Emotional transference from pet parents to their dogs

I have been wanting to write again for a while but we’ve been caught up in so many changes at BHARCS that I have not had a chance to get around to doing it. But, I am now doing some extensive research for my book, swimming in such fascinating material that I feel if I don’t write now and tell you all about it, I am going to burst. I do not want to wait until the book gets published to express these ideas and so I am left with no recourse but to blog. Here goes!

Do our emotions transfer to our dogs and if so, how does it impact our relationship with them?

The last few days have had me pouring over several scientific studies on dogs, animal cognition, the brain, movement of dogs etc. They are all fascinating, but one in particular blew my mind. We all know that dogs can read our emotions. However, did you know that they can even detect emotion from mere photographs of people? That fascinated me, but that was not just it. A team of researchers from the Messerli Research Institute at the University of Veterinary Medicine in Vienna, headed by Corsin Müller, conducted a study that showed that not only can dogs recognize facial patterns from photographs to determine emotions of people, they can actually do so by looking at pictures of just the top or bottom half of the face (Müller et al., 2015). Think about that! If you smiled at someone and did not truly mean it, your dog would know! Müller says, “Our results suggest that the dogs realized that a smiling mouth means the same thing as smiling eyes.” What’s more is that there is also evidence to prove that dogs can smell our emotion (D’Aniello et al., 2017) and can hear it in our voices too (Albuquerque et al., 2016).

"If you smiled at someone and did not truly mean it, your dog would know!"

While the engineer in me is utterly fascinated with all these studies, the dog mom in me feels like saying, “Meh! I don’t need science to tell me that my dogs get me”. On days that I feel anxious, my husband points out to me that my anxiety is affecting my dogs. Sure enough, when I look at them, I can see that both my dogs are deeply affected. However they both express it differently. One opens her eyes very wide and stares, while the other knits her eyebrows. One tries to stay as far as possible from me, while the other tries to interact with me. One gets jumpy and skittish. The other gets mopey and sulky. You are free to guess which dog does what. The point is that it impacts them and I can only imagine how much more scary it is for them. Unlike me, who knows the source of my anxiety and in some ways am empowered to change the situation, my dogs don’t understand what this is about, when it might end or what it might mean to their lives. I would not be surprised if more studies into animal cognition reveal that the emotional response dogs have to human emotion is in some way amplified in dogs.



Nishi’s classical expression of “Are you okay?”

That brings us to the implication of all this emotional transference on our dogs and it’s impact on our relationship with them. Sadly, it’s not good news here. We humans have long lives and an abundance of individual and collective wisdom to teach us ways to cope with the emotional roller coaster that is life today. Our dogs, unfortunately don’t seem to have gotten there yet. They are easily overwhelmed, resulting in hyperactive, scared or skittish dogs. When I interact with pet parents, it isn’t difficult to guess what “behavioural problems” their dogs might have, just by evaluating the people who care for the dog. Hyperactive people are likely to have hyperactive dogs. Loud people are likely to have scared dogs. Seems like this is not hard to explain, given the science behind it.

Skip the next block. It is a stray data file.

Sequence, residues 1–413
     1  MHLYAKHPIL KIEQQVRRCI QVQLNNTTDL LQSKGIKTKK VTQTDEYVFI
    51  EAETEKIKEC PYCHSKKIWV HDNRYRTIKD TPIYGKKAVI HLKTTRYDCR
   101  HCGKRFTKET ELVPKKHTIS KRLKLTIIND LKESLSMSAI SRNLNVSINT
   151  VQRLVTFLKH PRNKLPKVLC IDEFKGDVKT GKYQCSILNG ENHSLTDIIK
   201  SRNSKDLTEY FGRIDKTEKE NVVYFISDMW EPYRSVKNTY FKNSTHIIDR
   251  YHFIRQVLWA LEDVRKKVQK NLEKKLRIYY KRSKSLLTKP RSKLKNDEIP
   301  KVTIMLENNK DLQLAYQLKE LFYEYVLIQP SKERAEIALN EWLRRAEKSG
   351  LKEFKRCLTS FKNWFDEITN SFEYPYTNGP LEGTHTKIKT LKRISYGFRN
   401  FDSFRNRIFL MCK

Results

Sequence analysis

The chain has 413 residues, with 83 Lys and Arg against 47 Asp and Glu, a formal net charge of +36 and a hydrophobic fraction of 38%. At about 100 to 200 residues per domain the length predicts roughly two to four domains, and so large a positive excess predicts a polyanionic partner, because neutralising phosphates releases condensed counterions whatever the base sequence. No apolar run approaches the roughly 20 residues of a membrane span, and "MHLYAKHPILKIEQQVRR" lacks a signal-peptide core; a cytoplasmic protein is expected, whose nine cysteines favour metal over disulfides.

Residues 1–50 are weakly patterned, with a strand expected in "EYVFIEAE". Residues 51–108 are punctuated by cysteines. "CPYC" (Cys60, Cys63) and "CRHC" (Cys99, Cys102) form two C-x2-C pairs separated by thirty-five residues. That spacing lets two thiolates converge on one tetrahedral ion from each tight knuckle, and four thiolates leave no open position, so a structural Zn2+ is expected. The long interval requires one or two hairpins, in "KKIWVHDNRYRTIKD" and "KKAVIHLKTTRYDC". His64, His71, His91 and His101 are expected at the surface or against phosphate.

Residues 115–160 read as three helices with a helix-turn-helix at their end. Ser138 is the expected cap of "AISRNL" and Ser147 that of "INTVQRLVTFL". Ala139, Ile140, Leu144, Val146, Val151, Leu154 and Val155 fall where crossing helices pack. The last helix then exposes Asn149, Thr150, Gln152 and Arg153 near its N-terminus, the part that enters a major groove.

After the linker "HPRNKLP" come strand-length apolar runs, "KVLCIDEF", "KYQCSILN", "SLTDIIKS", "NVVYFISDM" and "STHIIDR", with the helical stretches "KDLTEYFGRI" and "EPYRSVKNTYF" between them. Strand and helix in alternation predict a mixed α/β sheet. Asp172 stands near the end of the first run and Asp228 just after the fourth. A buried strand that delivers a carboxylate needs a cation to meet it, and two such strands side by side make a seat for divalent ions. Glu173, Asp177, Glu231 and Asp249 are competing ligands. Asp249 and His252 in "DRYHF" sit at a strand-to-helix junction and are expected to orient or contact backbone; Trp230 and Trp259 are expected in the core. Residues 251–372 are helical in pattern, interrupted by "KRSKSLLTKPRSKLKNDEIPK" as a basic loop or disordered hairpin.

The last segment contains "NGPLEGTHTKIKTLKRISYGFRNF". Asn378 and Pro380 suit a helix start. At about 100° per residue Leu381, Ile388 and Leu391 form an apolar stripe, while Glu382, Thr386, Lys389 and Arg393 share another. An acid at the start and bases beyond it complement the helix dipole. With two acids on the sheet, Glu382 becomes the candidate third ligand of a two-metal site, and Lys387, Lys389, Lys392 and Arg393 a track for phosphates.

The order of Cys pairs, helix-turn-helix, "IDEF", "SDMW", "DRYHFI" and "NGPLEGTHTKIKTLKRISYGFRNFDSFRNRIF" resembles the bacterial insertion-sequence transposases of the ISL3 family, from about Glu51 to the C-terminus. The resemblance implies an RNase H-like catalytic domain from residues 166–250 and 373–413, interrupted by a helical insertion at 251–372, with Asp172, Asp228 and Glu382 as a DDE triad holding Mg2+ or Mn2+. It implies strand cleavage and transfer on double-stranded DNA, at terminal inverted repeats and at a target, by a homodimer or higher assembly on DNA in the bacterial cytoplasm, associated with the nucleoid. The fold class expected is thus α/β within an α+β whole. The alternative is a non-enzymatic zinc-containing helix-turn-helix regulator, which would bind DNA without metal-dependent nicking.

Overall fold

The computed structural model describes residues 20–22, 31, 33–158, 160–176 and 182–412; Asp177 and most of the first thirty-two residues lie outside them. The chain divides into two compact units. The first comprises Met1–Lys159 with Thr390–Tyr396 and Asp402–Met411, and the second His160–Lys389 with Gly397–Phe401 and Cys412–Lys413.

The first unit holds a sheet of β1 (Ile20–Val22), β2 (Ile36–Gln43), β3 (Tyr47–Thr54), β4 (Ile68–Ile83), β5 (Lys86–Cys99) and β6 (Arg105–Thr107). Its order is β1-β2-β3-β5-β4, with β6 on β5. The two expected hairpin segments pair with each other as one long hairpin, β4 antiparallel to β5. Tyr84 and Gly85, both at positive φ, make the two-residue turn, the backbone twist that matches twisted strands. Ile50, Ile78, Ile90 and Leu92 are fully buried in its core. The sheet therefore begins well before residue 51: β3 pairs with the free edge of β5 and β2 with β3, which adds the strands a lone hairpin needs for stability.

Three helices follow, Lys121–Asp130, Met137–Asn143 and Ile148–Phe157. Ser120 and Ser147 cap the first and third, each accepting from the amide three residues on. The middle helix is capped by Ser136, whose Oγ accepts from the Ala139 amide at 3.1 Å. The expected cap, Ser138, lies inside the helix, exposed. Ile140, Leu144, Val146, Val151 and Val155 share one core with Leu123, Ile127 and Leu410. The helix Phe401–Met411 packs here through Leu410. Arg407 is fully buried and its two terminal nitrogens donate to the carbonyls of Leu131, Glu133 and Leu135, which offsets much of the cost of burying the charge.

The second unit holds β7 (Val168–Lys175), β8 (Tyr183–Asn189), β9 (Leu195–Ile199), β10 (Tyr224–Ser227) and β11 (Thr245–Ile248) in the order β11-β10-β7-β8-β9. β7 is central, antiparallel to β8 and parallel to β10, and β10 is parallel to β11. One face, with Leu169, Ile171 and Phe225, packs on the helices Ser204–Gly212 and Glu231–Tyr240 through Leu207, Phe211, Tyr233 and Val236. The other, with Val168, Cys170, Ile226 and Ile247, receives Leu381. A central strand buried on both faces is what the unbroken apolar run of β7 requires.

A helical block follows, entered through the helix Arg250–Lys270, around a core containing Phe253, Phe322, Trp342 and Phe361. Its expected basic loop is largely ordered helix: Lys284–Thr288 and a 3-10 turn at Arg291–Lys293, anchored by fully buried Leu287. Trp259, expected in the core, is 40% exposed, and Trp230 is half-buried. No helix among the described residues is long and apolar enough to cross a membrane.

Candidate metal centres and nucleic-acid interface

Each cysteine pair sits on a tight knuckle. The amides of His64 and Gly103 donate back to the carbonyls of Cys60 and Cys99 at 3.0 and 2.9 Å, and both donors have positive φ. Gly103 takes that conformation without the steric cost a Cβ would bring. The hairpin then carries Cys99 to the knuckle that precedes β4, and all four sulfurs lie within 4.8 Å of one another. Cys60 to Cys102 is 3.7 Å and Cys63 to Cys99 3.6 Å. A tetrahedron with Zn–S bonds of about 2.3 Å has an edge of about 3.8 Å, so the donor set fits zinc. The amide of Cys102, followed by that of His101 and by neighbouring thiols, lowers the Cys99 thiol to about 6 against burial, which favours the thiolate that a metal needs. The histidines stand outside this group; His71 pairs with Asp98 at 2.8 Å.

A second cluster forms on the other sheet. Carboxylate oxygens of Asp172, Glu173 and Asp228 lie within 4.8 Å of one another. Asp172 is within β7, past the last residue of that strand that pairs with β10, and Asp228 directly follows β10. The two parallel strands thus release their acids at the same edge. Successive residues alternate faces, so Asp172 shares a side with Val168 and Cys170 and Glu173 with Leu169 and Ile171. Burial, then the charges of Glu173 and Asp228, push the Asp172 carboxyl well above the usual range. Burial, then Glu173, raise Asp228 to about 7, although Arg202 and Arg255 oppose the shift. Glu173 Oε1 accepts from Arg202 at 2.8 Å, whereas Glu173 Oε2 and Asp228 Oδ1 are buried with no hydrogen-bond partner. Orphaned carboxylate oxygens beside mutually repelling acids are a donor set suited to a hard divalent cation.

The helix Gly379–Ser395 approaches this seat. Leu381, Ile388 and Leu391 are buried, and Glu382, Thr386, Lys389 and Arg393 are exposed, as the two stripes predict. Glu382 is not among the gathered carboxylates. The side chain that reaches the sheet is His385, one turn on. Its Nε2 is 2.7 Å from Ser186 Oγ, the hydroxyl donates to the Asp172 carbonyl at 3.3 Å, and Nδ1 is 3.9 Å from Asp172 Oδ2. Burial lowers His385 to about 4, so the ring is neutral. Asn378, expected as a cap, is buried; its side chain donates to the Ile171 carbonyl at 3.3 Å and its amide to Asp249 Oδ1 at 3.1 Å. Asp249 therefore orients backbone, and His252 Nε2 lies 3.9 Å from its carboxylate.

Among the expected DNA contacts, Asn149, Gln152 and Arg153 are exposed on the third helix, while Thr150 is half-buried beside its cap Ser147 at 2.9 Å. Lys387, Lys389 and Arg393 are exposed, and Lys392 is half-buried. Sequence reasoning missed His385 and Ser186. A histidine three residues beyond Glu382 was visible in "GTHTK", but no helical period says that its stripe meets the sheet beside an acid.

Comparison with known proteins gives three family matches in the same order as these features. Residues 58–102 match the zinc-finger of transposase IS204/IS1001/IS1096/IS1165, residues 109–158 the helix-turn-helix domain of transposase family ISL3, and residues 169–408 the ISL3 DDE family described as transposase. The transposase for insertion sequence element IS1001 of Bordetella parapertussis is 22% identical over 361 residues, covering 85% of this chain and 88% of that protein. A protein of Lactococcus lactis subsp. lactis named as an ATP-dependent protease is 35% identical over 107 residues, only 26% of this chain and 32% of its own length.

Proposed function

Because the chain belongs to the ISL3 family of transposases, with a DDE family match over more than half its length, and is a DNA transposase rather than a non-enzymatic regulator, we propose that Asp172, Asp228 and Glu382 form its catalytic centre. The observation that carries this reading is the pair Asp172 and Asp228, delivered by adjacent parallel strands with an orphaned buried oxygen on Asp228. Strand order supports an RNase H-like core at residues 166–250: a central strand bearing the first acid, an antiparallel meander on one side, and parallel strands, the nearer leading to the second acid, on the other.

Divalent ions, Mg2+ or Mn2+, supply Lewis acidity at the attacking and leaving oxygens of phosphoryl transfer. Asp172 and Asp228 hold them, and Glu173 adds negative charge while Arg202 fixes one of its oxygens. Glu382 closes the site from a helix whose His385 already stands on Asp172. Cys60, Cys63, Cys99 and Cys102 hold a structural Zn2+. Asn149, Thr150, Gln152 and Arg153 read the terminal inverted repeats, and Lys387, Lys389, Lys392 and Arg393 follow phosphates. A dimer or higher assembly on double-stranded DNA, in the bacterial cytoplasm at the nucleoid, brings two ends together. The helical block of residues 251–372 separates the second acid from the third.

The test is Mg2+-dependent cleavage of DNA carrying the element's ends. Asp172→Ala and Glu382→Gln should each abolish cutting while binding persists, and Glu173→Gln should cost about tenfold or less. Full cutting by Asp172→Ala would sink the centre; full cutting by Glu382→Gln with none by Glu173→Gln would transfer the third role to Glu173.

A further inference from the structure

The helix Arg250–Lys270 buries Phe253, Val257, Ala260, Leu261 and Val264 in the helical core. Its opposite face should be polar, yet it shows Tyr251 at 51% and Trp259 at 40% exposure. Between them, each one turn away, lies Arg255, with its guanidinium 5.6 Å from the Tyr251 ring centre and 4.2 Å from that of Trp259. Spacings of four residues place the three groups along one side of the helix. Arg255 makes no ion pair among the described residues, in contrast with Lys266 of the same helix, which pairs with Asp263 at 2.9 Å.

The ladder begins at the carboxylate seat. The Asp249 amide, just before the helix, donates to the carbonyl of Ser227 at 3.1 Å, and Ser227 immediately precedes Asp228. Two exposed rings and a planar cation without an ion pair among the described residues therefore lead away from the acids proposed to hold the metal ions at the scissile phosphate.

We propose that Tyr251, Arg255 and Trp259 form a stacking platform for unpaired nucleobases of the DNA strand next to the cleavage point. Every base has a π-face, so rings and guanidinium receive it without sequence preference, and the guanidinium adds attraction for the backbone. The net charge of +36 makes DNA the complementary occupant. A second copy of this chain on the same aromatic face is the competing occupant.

If we are inadvertently impacting our dogs behaviour, sometimes negatively, the logical next question would be to ask if we can shield our dogs from it all. That’s where it stops being scientific and becomes very personal. As an engineer, the answer seems obvious - do not expose your dog to your emotional extremes. However, as a person with severe anxiety issues myself, I will be the first to toss that solution out the window. I have been working hard on myself to address my anxiety issues and that has been helping my dogs, but I do know it’s going to take time. Meanwhile, I find it incredibly useful for the whole family to just start tuning into the dog’s reactions. My husband is very supportive and every time we laugh out loud or have an argument or one of us is getting agitated, we try to throw a quick glance at the dogs and articulate out loud what the dog might be feeling. While it has helped us shield our dogs to some extent, it has more importantly helped me slow down during emotional upheavals. I try to mask my anxiety by humming or smiling. I know now that I am not fooling my dogs (because my eyes are not smiling), but I also know it eventually helps me get past my anxiety. This is the point at which I begin to wonder if I am doing this for my dogs or if they are making me do this for myself.


I set up BHA to educate people about Turid’s philosophies. One of the pillars of her philosophy is our willingness and ability to read our dogs. In a later blog, I will delve a bit deeper into how we can read our dogs better. But today, I just wanted to take a moment to reflect on how so very few of our emotions get past our dogs and how deeply it impa